So earlier this year, I was a man on a mission. I was looking for a beer (two of them actually), and having trouble finding them. It’s gotten like that with beer, you see. One of them was Barrel Aged Bigfoot from Sierra Nevada, the other the beer under consideration today, Green Flash Palate Wrecker, aka Hamilton’s Ale. I didn’t score either of them that day, but I did manage a promise from Sherlock’s in Marietta, GA, to put some aide for me when they got more. They did just that, too.
I have to say, though, that Green Flash Palate Wrecker did not wreck my palate. Not even close. It did make it pretty darned happy, though. In a 2012 press release, Green Flash calls this beer a “Triple IPA” (it’s not one). On their website, they say more about the beer:
Palate Wrecker was originally brewed for the Hamilton’s Tavern 2nd Anniversary celebration. It’s the most complicated West Coast–inspired IPA we have ever brewed—mashing and sparging with hopped wort, in addition to our hop layering regimen for IPA. By popular demand, it is now released for the world to enjoy.
In their press release that I found on Beerpulse.com, Green Flash does describe an interesting production process for Palate Wrecker:
“a double brew to make a single beer. First, there is a single infusion mash and subsequent boil at 65 IBU with Columbus and Centennial hops. Then a second, duplicate mash using the 65 IBU wort instead of water and another 65 IBU boil using the same hop schedule. The result is a higher gravity beer with kettle caramelizing in place of crystal malts, an elevated hop flavor and bitterness that could not be achieved in a single brew.”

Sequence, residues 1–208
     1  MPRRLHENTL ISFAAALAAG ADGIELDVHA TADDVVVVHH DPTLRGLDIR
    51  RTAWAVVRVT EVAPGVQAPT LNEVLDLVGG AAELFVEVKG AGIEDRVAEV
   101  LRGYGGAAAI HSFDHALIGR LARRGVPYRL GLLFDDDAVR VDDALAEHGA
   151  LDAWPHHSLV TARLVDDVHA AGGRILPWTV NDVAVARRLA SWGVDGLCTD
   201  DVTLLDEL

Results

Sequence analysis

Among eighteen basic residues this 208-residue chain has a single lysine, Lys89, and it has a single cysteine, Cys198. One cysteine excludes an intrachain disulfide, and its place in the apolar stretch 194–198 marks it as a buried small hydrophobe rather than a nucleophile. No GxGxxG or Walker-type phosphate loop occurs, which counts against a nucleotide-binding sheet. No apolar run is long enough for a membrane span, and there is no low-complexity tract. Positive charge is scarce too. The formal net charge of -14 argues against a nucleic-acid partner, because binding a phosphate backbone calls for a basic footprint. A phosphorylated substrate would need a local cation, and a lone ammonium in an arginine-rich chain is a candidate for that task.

Green Flash Palate Wrecker is a mighty brew at 9.5% alcohol by volume and “100+” IBUs. It is pricey enough; I paid $9.99 for a four pack of 12 ounce stubby bottles.
Green Flash Palate Wrecker pours to a bright orange color with a thick rocky head formation of cauliflower foam and a hugely fragrant nose of lemongrass and malt. Taking a sip, this one has a huge caramel malt component up front that at least momentarily fends off the massive hop attack to come. The hops jump in quickly and they are amazing in their variety as well as intensity: citrusy lemon and grapefruit, big piney resin, and then in yet another wave grassy herbal and finally intensely, very intensely bitter. I expect the latter is the source of the “palate wrecker” nomenclature.
This beer is huge in hop flavor and aroma. They both permeate the beer, and in many aspects. I can see this is a big beer, but the malt deceives you and while there is a hint of alcohol warmth in the finish; Green Flash Palate Wrecker doesn’t seem its 9.5% alcohol content. Just an amazingly hoppy beer (I know, I keep saying that), but really it just screams hops at you all throughout.